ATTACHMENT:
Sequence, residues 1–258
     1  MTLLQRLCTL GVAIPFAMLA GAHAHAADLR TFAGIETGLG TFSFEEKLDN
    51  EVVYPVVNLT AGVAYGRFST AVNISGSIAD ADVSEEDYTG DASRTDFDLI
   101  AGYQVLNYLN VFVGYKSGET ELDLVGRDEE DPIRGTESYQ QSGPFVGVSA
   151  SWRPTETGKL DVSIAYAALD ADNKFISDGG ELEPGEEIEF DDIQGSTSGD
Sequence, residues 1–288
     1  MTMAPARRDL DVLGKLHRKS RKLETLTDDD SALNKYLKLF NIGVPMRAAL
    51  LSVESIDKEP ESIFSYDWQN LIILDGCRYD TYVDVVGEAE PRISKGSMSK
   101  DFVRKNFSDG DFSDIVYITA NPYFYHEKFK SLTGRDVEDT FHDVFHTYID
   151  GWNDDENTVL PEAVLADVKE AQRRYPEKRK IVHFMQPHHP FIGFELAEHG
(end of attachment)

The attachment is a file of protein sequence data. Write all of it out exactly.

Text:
Sequence, residues 1–258
     1  MTLLQRLCTL GVAIPFAMLA GAHAHAADLR TFAGIETGLG TFSFEEKLDN
    51  EVVYPVVNLT AGVAYGRFST AVNISGSIAD ADVSEEDYTG DASRTDFDLI
   101  AGYQVLNYLN VFVGYKSGET ELDLVGRDEE DPIRGTESYQ QSGPFVGVSA
   151  SWRPTETGKL DVSIAYAALD ADNKFISDGG ELEPGEEIEF DDIQGSTSGD
Sequence, residues 1–288
     1  MTMAPARRDL DVLGKLHRKS RKLETLTDDD SALNKYLKLF NIGVPMRAAL
    51  LSVESIDKEP ESIFSYDWQN LIILDGCRYD TYVDVVGEAE PRISKGSMSK
   101  DFVRKNFSDG DFSDIVYITA NPYFYHEKFK SLTGRDVEDT FHDVFHTYID
   151  GWNDDENTVL PEAVLADVKE AQRRYPEKRK IVHFMQPHHP FIGFELAEHG